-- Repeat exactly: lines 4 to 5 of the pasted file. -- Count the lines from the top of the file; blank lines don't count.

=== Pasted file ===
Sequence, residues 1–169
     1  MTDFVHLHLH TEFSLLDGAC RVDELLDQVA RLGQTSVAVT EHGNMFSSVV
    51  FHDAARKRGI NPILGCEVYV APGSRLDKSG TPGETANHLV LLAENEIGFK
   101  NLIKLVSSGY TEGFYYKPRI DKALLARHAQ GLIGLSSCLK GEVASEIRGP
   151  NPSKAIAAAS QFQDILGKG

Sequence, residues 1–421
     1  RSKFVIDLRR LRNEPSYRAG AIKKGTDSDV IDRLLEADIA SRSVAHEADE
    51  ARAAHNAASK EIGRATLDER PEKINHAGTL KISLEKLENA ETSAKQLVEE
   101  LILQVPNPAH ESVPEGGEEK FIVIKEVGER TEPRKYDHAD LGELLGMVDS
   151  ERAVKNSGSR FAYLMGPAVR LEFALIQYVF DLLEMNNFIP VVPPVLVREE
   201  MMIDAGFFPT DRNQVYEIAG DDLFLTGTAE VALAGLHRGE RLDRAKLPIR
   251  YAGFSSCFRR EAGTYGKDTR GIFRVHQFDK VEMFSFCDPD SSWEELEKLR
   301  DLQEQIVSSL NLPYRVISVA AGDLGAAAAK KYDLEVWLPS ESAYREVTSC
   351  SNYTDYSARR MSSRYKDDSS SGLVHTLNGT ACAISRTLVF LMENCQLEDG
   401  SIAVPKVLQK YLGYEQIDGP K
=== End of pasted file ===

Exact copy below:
   101  NLIKLVSSGY TEGFYYKPRI DKALLARHAQ GLIGLSSCLK GEVASEIRGP
   151  NPSKAIAAAS QFQDILGKG